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MICROBIAL ECOLOGY AND BIOGEOCHEMISTRY OF HYDROTHERMAL VENTS, OXYGEN MINIMUM ZONES, AND THE DEEP-SEA
The deep ocean is one of the planet’s largest biomes. In spite of cold temperatures and the lack of light, the deep-sea hosts abundant microbial life that play critical roles in the biogeochemical cycling of carbon, nitrogen, sulfur and other nutrients. At deep-sea hydrothermal vents, high temperature water-rock reactions catalyze the formation of chemically reduced vent fluids rich in sulfur species, hydrogen, methane, ammonia, manganese and iron. The reduced chemicals serve as electron donors to fuel chemosynthetic microbial metabolisms that form the base of the food chain in such ecosystems. In many ways, oxygen-minimum zones are similar to hydrothermal vents, characterized by a microbiome dependent on reduced chemicals especially sulfur.
We are studying the of impacts hydrothermal vents and oxygen minimum zones on the pelagic oceans through the lens of microbial ecology and biogeochemistry by conducting experiments, in situ measurements, and multi-omics.
We are a sea-going lab, actively undertaking field work with field sites around the world which allows us study marine processes are a variety of spatial scales.
Our field sites include:
- Guaymas Basin hydrothermal system in the Gulf of California, Pacific Ocean
- East Pacific Rise hydrothermal system in the Pacific Ocean
- Lau Basin hydrothermal system in the Pacific Ocean
Our work is highly collaborative and interdisciplinary. Our collaborators include Dr. Mandy Joye from the University of Georgia, Dr. Roland Hatzenpichler from Montana State University, Dr. Anna-Louise Reysenbach from Portland State University, Dr. Rika Anderson from Carleton College, and Dr. Elizabeth Trembath-Reichert from Arizona State University.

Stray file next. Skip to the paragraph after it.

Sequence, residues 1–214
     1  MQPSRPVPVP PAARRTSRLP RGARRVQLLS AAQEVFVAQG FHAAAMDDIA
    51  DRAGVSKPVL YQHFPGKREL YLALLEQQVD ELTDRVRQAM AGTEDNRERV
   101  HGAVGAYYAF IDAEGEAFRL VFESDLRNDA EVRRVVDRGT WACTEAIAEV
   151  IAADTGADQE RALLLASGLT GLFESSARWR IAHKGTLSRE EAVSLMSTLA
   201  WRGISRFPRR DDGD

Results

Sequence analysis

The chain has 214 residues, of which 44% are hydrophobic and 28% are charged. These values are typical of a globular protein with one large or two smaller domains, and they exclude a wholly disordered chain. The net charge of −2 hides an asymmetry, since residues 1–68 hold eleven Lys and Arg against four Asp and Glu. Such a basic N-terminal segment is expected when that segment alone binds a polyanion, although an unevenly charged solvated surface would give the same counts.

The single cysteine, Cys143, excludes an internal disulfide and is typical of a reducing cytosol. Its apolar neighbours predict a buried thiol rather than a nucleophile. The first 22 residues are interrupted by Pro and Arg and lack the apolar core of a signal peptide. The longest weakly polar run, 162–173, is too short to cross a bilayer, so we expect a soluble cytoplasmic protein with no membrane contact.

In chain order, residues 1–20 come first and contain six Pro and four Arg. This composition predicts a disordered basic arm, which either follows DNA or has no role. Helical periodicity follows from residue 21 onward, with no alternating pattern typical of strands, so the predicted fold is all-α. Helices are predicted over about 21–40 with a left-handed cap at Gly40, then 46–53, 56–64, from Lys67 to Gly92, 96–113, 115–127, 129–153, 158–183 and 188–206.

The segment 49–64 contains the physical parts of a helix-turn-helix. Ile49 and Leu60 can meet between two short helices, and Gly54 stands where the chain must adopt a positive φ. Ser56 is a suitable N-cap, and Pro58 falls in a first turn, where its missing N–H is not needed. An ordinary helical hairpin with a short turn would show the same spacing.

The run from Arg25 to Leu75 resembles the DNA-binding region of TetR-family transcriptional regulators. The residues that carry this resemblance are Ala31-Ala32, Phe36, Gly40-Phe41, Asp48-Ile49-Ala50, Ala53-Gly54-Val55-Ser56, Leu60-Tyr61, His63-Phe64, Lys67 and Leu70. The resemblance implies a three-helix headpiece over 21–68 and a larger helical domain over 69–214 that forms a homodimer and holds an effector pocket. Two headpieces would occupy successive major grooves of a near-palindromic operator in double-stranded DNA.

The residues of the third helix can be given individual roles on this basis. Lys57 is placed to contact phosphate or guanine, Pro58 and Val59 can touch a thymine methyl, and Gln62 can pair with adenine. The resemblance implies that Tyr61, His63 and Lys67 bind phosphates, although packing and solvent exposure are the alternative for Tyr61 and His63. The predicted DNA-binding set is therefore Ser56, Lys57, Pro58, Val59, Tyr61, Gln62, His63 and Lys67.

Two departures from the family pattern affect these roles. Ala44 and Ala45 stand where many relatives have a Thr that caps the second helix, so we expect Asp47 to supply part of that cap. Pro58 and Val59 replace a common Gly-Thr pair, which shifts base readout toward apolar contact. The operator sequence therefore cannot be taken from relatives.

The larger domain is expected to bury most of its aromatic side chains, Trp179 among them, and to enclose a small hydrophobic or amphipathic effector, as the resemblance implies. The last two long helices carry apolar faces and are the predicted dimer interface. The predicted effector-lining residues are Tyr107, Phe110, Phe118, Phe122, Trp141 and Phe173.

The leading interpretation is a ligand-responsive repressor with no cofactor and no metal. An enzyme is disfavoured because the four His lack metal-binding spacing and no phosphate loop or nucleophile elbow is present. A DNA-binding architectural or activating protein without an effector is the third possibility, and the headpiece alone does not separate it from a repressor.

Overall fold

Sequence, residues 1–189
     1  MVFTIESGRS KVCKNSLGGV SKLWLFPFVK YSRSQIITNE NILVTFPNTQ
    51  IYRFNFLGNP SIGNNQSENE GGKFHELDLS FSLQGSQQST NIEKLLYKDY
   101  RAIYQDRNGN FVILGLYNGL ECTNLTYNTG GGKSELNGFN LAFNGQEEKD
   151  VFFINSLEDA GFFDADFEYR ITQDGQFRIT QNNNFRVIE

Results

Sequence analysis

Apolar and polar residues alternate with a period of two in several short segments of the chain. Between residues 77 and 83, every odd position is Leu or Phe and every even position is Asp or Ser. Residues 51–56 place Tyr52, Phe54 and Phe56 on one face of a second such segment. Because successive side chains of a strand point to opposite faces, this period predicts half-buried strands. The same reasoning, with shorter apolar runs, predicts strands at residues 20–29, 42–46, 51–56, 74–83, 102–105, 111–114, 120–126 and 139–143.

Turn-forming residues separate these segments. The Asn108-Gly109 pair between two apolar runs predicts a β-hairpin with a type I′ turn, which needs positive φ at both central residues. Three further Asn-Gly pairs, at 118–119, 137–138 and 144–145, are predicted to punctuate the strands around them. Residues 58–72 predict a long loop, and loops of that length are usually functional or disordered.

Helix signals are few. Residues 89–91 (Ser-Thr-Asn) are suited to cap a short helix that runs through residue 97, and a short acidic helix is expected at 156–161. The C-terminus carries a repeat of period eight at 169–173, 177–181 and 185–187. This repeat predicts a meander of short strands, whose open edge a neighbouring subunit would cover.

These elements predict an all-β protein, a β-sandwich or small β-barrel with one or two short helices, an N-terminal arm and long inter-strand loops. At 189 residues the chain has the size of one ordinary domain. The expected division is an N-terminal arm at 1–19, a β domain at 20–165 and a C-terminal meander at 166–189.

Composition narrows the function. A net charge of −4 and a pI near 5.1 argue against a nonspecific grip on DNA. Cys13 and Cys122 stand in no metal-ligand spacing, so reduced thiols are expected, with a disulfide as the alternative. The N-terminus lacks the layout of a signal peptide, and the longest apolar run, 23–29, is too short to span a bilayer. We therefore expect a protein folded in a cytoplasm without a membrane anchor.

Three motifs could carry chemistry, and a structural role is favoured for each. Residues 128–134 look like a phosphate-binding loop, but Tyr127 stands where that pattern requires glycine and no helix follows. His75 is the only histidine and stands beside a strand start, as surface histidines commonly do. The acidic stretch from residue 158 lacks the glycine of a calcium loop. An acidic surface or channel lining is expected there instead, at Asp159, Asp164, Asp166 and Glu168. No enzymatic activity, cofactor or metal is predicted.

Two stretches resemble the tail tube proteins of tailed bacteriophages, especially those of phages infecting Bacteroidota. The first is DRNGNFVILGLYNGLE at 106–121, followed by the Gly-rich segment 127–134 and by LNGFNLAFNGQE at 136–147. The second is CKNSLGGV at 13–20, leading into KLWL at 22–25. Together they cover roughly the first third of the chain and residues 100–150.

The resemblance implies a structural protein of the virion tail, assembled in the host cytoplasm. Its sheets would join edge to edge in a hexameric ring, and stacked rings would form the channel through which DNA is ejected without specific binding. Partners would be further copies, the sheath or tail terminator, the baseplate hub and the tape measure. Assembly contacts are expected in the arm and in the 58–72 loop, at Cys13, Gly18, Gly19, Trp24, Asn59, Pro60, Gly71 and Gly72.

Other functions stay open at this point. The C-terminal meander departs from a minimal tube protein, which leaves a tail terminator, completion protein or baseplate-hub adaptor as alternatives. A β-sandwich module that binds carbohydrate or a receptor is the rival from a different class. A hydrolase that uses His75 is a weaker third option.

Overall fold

ECOLOGY AND EVOLUTION OF MARINE VIRUSES
Viruses are an important control on marine microorganisms. Although viral abundance in the oceans is highest in the euphotic zones, viruses are also ubiquitous in the dark oceans. By lysing and turning over host microbial populations, viruses release dissolved organic matter, stimulate nutrient cycling, and directly influence global biogeochemical cycles. Marine viruses can also influence and manipulate host metabolism via virally-encoded, host-derived auxiliary metabolic genes.
We are studying the ecology and evolution of marine viruses using hydrothermal viral communities and viruses of sulfur cycling microorganisms as model systems.
SULFUR-METHANE DYNAMICS IN THE MARINE SUBSEAFLOOR
The subseafloor is home to one of the largest biomes on our planet. Subseafloor organisms live under intense pressure with access to limited nutrients and metabolic inputs, and can be very slow growing. Two abundant energy sources for subseafloor organisms include sulfur and methane.
In collaboration with Dr. Bill Reznikoff from the Marine Biological Laboratory, we are studying the ecological and evolutionary constraints on subseafloor microorganisms using sulfur cycling microorganisms as model systems.